Harry Wouldn't 'Have Married Meghan' if Diana Was Alive—Ex Royal Aide

A former Buckingham Palace press secretary who worked with Princess Diana has cast doubt on whether Prince Harry would have married Meghan Markle had his mother been alive.

Speaking to GB News on Friday, Dickie Arbiter—press secretary to Queen Elizabeth II from 1988 to 2000—told the show hosts:

"I'm going to stick my neck out here and I doubt Harry would have married Meghan because Harry wouldn't have been in the state he was in as a result of his mother's death.

"He would have taken a completely different course and he would still be here working in support of the Queen."

Harry, Meghan Diana Wedding
A former palace press secretary who worked closely with Diana has said that if she was alive today "we would not be going through this" referring to Harry. Royal wedding photographed May 19, 2018. Dickie Arbiter (inset left) July 22, 2022. Diana (R) photographed June 17, 1997. BEN STANSALL/AFP via Getty Images/GB News/TIM GRAHAM/Getty Images

The former palace aide was prompted to make such a statement after discussing the prince's legal battle with the U.K. Home Office over security.

A High Court judge ruled on Friday that the prince had an "arguable" case against the government and that a judicial review could take place. This was a win for the prince in his dispute which, he argues, left Britain an unsafe place for him to bring his family.

Presenter Anne Diamond posed the question to Arbiter, "you can't help thinking what would Princess Diana think of all this? I wonder what she would advise her youngest son?"

He responded: "If Princess Diana was alive today we would not be going through this.

"She had her head screwed on the right way. She was very practical and she was very sensible."

Princess Diana and Dickie Arbiter
Princess Diana and Dickie Arbiter photographed together at a police training event, March 2, 1990. Tim Graham Photo Library via Getty Images

Arbiter was also asked to comment on the recent news that the BBC had agreed to pay damages to a former royal nanny employed by Prince Charles in the 1990s who, it was alleged, was the victim of false and "unfounded" allegations that were made up to "likely" influence Diana into giving her famous 1995 Panorama interview.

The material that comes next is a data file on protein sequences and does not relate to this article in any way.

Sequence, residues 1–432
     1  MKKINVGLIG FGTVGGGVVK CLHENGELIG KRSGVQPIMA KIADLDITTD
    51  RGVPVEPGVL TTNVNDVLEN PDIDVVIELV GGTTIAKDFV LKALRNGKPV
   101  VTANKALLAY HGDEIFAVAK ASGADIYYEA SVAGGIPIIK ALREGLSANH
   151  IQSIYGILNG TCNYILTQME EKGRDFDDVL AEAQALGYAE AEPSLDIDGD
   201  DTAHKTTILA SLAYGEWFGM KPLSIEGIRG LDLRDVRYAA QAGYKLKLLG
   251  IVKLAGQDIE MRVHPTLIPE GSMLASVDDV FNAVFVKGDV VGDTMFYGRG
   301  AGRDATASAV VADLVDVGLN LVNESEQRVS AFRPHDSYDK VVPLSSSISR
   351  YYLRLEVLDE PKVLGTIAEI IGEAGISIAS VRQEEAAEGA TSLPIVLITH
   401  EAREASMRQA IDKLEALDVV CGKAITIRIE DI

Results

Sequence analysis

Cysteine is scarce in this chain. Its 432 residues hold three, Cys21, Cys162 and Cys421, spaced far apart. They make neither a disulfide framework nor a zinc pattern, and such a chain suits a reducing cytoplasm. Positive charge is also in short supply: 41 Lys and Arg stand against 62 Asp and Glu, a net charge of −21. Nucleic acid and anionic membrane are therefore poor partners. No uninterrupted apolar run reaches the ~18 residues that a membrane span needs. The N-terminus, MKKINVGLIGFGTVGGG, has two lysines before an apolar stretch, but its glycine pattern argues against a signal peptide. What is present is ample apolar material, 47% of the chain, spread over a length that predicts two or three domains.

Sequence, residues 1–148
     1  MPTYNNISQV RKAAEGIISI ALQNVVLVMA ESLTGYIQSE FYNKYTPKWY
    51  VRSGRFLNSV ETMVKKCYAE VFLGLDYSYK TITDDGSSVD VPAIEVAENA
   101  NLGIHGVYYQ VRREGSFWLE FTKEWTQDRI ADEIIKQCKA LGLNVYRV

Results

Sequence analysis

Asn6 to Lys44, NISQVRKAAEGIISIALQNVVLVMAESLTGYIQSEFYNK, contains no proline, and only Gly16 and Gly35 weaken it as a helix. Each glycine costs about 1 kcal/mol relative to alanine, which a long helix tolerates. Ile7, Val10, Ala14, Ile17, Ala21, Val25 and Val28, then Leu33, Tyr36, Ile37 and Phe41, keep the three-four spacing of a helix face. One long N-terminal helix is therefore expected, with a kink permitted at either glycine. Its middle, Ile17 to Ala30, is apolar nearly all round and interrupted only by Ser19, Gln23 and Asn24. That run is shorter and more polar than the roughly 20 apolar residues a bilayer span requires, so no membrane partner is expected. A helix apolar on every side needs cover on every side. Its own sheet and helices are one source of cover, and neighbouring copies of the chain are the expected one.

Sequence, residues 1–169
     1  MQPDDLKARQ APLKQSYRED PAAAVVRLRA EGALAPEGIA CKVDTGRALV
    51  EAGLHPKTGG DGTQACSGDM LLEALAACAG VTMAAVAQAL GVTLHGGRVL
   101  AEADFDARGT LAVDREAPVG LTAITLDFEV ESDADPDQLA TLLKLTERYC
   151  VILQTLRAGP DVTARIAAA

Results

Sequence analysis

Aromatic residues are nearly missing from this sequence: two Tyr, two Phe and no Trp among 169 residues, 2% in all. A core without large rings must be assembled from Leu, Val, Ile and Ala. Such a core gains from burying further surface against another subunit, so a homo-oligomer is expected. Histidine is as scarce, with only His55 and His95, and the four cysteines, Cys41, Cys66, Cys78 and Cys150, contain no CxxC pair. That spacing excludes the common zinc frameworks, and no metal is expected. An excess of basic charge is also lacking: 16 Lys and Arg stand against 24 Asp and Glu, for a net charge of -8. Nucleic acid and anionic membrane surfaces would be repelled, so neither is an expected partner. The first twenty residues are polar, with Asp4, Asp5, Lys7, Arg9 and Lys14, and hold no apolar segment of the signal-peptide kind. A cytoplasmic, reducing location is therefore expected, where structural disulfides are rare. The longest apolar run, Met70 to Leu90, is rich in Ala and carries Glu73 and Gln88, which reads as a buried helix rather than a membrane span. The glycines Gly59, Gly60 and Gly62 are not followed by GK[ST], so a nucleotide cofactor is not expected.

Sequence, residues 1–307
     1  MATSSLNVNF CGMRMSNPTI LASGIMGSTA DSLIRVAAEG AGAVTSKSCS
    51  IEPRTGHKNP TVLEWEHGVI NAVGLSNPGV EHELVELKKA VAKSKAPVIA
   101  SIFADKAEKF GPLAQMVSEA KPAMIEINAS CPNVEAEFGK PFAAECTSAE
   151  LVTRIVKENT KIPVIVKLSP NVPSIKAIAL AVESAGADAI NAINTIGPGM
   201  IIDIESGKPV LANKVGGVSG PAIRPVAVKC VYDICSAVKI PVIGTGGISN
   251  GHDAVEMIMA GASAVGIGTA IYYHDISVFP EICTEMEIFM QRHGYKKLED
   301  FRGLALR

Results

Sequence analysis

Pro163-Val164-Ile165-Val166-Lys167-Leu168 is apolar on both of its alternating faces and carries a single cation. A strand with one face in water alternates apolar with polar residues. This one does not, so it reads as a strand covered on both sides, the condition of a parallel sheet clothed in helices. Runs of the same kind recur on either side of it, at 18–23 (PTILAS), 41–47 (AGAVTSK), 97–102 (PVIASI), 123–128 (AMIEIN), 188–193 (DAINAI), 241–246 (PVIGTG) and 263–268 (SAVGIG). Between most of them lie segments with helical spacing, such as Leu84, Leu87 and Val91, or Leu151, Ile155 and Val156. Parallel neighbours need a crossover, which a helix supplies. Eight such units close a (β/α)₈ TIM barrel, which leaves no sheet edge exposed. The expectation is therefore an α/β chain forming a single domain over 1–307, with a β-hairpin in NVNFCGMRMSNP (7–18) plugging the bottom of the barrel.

False claims circulated at the time of the interview that Tiggy Pettifer (nee Legge-Bourke) had been having an affair with Charles and had aborted a child.

A statement read out in court on Thursday said in part:

"It is likely, that these false and malicious allegations arose as a result and in the context of BBC Panorama's efforts to procure an exclusive interview with Diana, Princess of Wales."

The corporation then issued an apology stating: "The BBC has agreed to pay substantial damages to Mrs. Pettifer and I would like to take this opportunity to apologize publicly to her, to the Prince of Wales, and to the Dukes of Cambridge and Sussex, for the way in which Princess Diana was deceived and the subsequent impact on all their lives."

The BBC said it had decided never to show the Panorama interview again and nor would it "licence it in whole or part to other broadcasters."

Arbiter called it "shameless" that the BBC had taken 27 years to apologize to Pettifer and added his support to criminal charges being brought against people in connection with the deceptions relating to the Panorama interview.

Princess Diana BBC Panorama Interview
Princess Diana sat down with interviewer Martin Bashir to give an interview for the BBCs Panorama television programme, November 20, 1995. Pool Photograph/Corbis/Corbis via Getty Images

In 2021 an independent investigation by Lord Dyson found that Panorama interviewer Martin Bashir had been "deceitful" in his attempts to secure an interview with Diana. Fake bank documents were found to have been shown to the princess which inferred members of her staff were receiving payments from news corporations—undermining the trust she had in those around her.

"Well, I think they're absolutely right in saying it shouldn't be aired again," Arbiter said.

"And I'm not sure that Diana would have said what she did say in the interview, had she not been presented with certain papers, allegations that her staff were spying on her, allegations that the secret service was spying on her."

Prince William's reaction to the investigation's findings were revealed in a statement he read from Kensington Palace.

"It is my view that the deceitful way the interview was obtained substantially influenced what my mother said," the prince read.

"The interview was a major contribution to making my parents' relationship worse and has since hurt countless others."

"It brings indescribable sadness to know that the BBC's failures contributed significantly to her fear, paranoia and isolation that I remember from those final years with her."

Newsweek has approached representatives of Prince Harry for comment.

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